A Simple score to predict the outcome of severe malaria in adults

Josh Hanson, Sue J Lee, Sanjib Mohanty, Md Abul Faiz, Nicholas Anstey, Prakaykaew Charunwatthana, Emran Bin Yunus, Saroj Mishra, Emiliana Tjitra, Ric Price, Ridwanur Rahman, François Nosten, Ye Htut, Gofranul Hoque, Tran Thi Hong Chau, Nguyen Hoan Phu, Tran Tinh Hien, Nicholas J White, Nicholas Day, Arjen Dondorp

Research output: Contribution to journalArticlepeer-review

74 Citations (Scopus)


Background: World Health Organization treatment guidelines recommend that adults with severe malaria be admitted to an intensive care unit (ICU). However, ICU facilities are limited in the resource-poor settings where most malaria occurs. Identification of patients at greater risk of complications may facilitate their triage and resource allocation.

Methods: With use of data from a trial conducted in Southeast Asia (n = 868), a logistic regression model was built to identify independent predictors of mortality among adults with severe malaria. A scoring system based on this model was tested in the original dataset and then validated in 2 series from Bangladesh (n = 188) and Vietnam (n = 292).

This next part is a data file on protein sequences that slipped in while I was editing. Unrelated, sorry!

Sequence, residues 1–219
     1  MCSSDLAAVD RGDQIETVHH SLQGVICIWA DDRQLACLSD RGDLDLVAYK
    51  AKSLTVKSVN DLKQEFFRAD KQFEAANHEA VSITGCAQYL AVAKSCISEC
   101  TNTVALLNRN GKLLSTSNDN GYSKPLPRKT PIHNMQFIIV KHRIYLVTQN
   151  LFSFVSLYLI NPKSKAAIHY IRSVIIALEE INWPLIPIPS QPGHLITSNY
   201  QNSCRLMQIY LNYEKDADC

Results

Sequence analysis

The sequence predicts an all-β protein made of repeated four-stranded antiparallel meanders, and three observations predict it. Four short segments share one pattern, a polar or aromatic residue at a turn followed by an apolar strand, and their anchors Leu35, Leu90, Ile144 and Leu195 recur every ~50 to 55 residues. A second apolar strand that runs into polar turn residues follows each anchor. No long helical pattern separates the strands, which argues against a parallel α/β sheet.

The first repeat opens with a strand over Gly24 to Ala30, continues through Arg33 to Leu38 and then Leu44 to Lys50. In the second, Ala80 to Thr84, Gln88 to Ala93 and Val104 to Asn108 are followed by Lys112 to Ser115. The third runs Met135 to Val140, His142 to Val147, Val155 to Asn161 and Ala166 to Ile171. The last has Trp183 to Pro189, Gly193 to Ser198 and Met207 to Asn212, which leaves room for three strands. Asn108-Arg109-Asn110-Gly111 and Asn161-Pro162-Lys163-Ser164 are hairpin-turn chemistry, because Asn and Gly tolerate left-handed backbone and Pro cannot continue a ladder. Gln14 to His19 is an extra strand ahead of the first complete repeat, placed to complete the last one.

Results: Acidosis (base deficit) and cerebral malaria (measured as Glasgow Coma Score) were the main independent predictors of outcome. The 5-point Coma Acidosis Malaria (CAM) score was simply derived from these 2 variables. Mortality increased steadily with increasing score. A CAM score <2 predicted survival with a positive predictive value (PPV) of 95.8% (95% confidence interval [CI], 93%- 97.7%). Of the 14 of 331 patients who died with a CAM score <2, 11 (79%) had renal failure and death occurred late after hospital admission (median, 108 h; range, 40-360 h). Substitution of plasma bicarbonate as the measure of acidosis only slightly reduced the prognostic value of the model. Use of respiratory rate was inferior, but a score <2 still predicted survival with a PPV of 92.2% (95% CI, 89.1%-94.7%).

Conclusions: Patients with a CAM score <2 at hospital admission may be safely treated in a general ward, provided that renal function can be monitored.
Original languageEnglish
Pages (from-to)679-685
Number of pages7
JournalClinical Infectious Diseases
Issue number5
Publication statusPublished - 1 Mar 2010


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